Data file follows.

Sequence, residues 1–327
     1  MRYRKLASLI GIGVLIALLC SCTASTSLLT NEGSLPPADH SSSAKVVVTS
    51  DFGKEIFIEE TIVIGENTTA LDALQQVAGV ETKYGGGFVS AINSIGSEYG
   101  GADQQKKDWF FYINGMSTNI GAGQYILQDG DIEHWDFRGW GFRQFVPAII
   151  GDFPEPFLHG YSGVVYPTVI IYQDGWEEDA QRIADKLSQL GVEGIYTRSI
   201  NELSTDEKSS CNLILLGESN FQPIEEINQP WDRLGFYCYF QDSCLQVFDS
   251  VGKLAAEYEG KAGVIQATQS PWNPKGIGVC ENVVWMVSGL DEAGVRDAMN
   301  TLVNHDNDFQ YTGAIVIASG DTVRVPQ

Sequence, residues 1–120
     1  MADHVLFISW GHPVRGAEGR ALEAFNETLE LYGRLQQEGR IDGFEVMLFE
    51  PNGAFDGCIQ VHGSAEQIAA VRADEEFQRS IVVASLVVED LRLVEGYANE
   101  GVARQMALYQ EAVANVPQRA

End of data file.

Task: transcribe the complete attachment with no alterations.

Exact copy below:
Sequence, residues 1–327
     1  MRYRKLASLI GIGVLIALLC SCTASTSLLT NEGSLPPADH SSSAKVVVTS
    51  DFGKEIFIEE TIVIGENTTA LDALQQVAGV ETKYGGGFVS AINSIGSEYG
   101  GADQQKKDWF FYINGMSTNI GAGQYILQDG DIEHWDFRGW GFRQFVPAII
   151  GDFPEPFLHG YSGVVYPTVI IYQDGWEEDA QRIADKLSQL GVEGIYTRSI
   201  NELSTDEKSS CNLILLGESN FQPIEEINQP WDRLGFYCYF QDSCLQVFDS
   251  VGKLAAEYEG KAGVIQATQS PWNPKGIGVC ENVVWMVSGL DEAGVRDAMN
   301  TLVNHDNDFQ YTGAIVIASG DTVRVPQ

Sequence, residues 1–120
     1  MADHVLFISW GHPVRGAEGR ALEAFNETLE LYGRLQQEGR IDGFEVMLFE
    51  PNGAFDGCIQ VHGSAEQIAA VRADEEFQRS IVVASLVVED LRLVEGYANE
   101  GVARQMALYQ EAVANVPQRA